The Knife by LJC GolfThe Knife
by LJC Golf
a very sharp club

By Kiel T. Christianson,
Senior Writer

BOSTON (June 9, 2003) -- The 2003 PGA Merchandise Show in Orlando was quieter than previous years due to the soft economy and the absence of some major equipment makers. The LJC Golf booth was definitely not one of the quiet parts of the show, though, thanks in part to the Orlando Magic dancers employed by the small, Vista, California company, and thanks in part to the buzz created by LJC's newest line of fairway woods: The Knife.

The Knife fairway woods (3, 5, 7, 9, and 11) -- which were dubbed "the hottest new product of 2003" by The Golf Channel -- feature three blade-like protrusions on the sole of the clubhead. These "fins" or "rudders" are designed to stabilize the clubhead, deter twisting, and reduce drag and thus allow clubhead speed to remain more constant through impact.


Equipment preview 2003

The STX ProF.I.T.

Tour Edge Equator Putter

Alpha Reaction Driver

The center blade is actually a new take on an old concept. Vintage fairway woods from Ping to Patty Berg often used to incorporate V-shaped soles to cut through both rough and fairway turf. Unique to The Knife, however, are the two outrigger-like blades at the toe and heel. These level the clubhead and help square the face through impact. If swung correctly, these blades will leave three parallel slices in closely-mown fairways. By reducing the surface area of the sole that comes in contact with the turf, this club makes it easier to keep swing-speed high at the point of contact.

LJC Golf (formerly La Jolla Golf) has even made inroads on the PGA Tour, with The Knife finding its way into the bags of Loren Roberts, David Peoples, and J.L. Lewis. This is quite a step up for a company whose highest profile product at one time was the Snoopy Kids Golf set (which are outstanding kids clubs, by the way).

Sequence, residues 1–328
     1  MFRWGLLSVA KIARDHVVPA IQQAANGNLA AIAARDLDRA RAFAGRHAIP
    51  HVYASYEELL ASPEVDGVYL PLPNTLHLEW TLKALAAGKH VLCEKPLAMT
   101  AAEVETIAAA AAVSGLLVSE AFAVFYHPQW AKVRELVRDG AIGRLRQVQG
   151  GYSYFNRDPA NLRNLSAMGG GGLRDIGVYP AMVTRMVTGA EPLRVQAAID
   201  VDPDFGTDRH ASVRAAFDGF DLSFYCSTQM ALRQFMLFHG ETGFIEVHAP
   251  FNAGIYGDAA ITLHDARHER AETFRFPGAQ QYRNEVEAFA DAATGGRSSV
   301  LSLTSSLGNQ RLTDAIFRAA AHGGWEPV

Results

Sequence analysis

The Knife's BladesWhen our own 5-wood Knife (20-degrees loft) arrived, the first impression was very positive. The clubhead is extremely compact, and heavy for its size. It feels like a war club that will crush your enemy, the ball. The namesake blades on the sole are striking, and strikingly long.

We took The Knife to practice tees outside of Boston, and to the range at Hickory Ridge Country Club in Amherst (hickoryridgecc.com) to test it ourselves and to get some impressions from golfers of varying handicap levels. The blades intimidated one mid-handicapper. He just couldn't convince himself that they wouldn't keep him from getting the face on the ball, and he topped several shots.

Another mid-handicapper had the same reaction at first, but after a couple pure strikes, the fear of thin shots evaporated. And when two low-handicap flatbellies took their cuts with The Knife, just about everyone on the range was convinced. A high-school golf team member loved the set-up and the swing weight. He hammered one long, high, controlled fade after another.

An assistant pro at Hickory Ridge got the most stunning results. Within a couple of swings, he was smashing towering 230-yard draws. Most striking was the ball flight -- each shot reached its apex immediately before falling almost straight down. Even on hard, fast greens, the ball wouldn't have rolled more than a couple of feet.

The Verdict

The Knife Line of Fairway WoodsAside from the one golfer who couldn't seem to get down on the ball, every one of the six people we asked to hit The Knife liked it. We hit it off tees, rough, close-cut turf and mats, and had no trouble getting the ball up. This is not surprising, given that 60-percent of the clubhead weight is below the equator of the ball. If you're hitting off hard-pan, however, the story might be different.

The grip and butt-end of the Rapport shaft were a bit larger than on some other 5-woods, which made it slightly difficult for me to turn my hands over, but one could fairly easily re-shaft if necessary. In addition, the compact clubhead was surprisingly forgiving on off-center hits.

The only significant detraction from the appeal of the club, according to the golfers we asked to test The Knife, was the price -- $249 each -- which appeared to be prohibitively high for some. While the price point might put a 3- through 11-wood set out of reach, if there is one "money wood" you use for those long par-3s, long approaches, or trouble shots out of the rough, The Knife would be a sound investment.

In sum, The Knife might cut into your equipment budget, but it might also whittle strokes off of your score. It is one sharp club.

For more information visit LJCgolf.com or call (800) 468-7700.